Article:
ECG with Atrial Fibrillation

ECG with Atrial Fibrillation

The prognosis of atrial fibrillation, depends  in particular on:

  1. Ventricular myocardium state, which is dependent on the underlying disease, will dictate the degree of hemodynamic deterioration.
  2. The presence of atrial thrombus, which is leading to an increased incidence of thromboembolic accidents, of which 75% are cerebrovascular accidents (strokes).

Atrial Fibrilation Treatment

Treatment of atrial fibrillation has the following objectives:

  1. Conversion to sinus rhythm (electric or medication), when is indicated and possible;
  2. Relapse prevention;
  3. Prevention of thromboembolic complications;
  4. Control of ventricular function when converting and maintaining of sinus rhythm are not possible.

The choice of therapeutic methods, in the treatment of atrial fibrillation is individualized and should consider the etiologic substrate of atrial fibrillation.

Treatment for paroxysmal atrial fibrillation access:

  • Treatment of paroxysmal atrial fibrillation with hemodynamic deterioration associated with myocardial ischemia or Wolff-Parkinson-White syndrome, is electric conversion to sinus rhythm.
  • In the case of hemodynamically stable atrial fibrillation, are performed the following:
  1. Rate control is the main therapeutic target that can be achieved rapidly by intravenous administration of beta-blockers (metoprolol, bisoprolol) or calcium channel blockers (diltiazem).
  2. Pharmacological conversion to sinus rhythm can be achieved by administration of antiarrhythmic agents from  class III (amiodarone, sotalol), class IA (disopyramide) or class IC (propafenone, flecainide).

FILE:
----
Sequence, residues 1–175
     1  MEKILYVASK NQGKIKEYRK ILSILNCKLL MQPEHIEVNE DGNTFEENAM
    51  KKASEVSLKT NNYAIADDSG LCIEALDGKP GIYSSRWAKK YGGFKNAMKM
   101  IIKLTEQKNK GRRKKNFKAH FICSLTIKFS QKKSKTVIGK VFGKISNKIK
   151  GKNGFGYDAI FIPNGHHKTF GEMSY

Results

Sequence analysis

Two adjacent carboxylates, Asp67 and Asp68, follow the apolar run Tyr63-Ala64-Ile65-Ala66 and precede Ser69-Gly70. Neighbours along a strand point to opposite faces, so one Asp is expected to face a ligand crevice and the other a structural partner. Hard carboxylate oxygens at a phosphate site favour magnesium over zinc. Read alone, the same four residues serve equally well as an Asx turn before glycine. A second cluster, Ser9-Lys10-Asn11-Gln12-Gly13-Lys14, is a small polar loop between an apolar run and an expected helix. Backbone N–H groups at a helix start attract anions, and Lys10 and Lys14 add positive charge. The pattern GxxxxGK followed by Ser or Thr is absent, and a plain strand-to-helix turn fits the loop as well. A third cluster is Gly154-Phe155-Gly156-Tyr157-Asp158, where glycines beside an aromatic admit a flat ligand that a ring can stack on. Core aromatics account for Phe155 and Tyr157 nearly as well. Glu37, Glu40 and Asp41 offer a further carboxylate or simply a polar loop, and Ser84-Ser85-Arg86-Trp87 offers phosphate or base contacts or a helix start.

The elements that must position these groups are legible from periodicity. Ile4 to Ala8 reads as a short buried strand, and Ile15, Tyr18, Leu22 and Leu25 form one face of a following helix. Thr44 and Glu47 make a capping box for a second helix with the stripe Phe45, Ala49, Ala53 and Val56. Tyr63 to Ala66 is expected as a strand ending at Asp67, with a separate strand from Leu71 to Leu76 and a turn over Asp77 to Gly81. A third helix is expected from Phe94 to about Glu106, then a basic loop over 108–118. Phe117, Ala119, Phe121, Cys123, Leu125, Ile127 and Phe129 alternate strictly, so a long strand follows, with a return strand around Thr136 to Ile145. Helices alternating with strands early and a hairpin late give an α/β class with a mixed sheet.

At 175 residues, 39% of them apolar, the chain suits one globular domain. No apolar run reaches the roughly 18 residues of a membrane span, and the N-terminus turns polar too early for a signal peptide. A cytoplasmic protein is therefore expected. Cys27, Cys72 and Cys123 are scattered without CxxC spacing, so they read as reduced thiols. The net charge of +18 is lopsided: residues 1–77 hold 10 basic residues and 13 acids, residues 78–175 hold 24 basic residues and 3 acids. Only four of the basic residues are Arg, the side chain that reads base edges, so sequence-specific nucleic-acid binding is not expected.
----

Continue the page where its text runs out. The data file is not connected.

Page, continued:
3. Electric conversion is performed if pharmacological conversion attempt failed for 24 hours.
Atrial Fibrillation Drug Treatment

Atrial Fibrillation Drug Treatment

In the case of electrical or pharmacological conversion of atrial fibrillation, is required the prevention of thromboembolic complications, by the following measures:

  • In patients with atrial fibrillation which was installed in less than 48 hours and the patients will be subjected to conversion to sinus rhythm, anticoagulation therapy management is optional, depending primarily on the associate risk of embolism.
  • If the occurrence of atrial fibrillation happened in more than 48 hours, and the patient has a higher risk for embolism, then the treatment with oral anticoagulants is required at least with 2 weeks before conversion and must be continued 2 weeks after conversion to sinus rhythm.
  • Emergency defibrillation involves anticoagulation with intravenous heparin, initially in bolus and then in continuous infusion in a dose that prolongs the APTT with 1.5-2 times compared to its reference value. After defibrillation, oral anticoagulation therapy should be continued for a period of 2 weeks.

Prevention of recurrence of atrial fibrillation:

Prevention of atrial fibrillation recurrence is performed by administering antiarrhythmic drugs from class IA, class IC and class III. An alternative therapy to prevent relapse of atrial fibrillation, is represented by atrial pacemaker implant, with the anti-tachycardia function.

Treatment of permanent atrial fibrillation:

Atrial Fibrillation

Atrial Fibrillation

This type of atrial fibrillation has low chances of conversion to sinus rhythm, especially if left atrial diameter exceeds 5 cm.

Heart rate control in permanent atrial fibrillation is performed, electively, with digoxin, which may be associate with low-dose of beta-blocker, verapamil or amiodarone. Optimal therapeutic effect is considered to be obtained when heart rate reaches 60 to 80 beats / minute.

In the case of bad tolerated chronic atrial fibrillation, is practice atrio-ventricular node ablation or ablation of His fascicle by radiofrequency current, followed by permanent pacemaker implantation.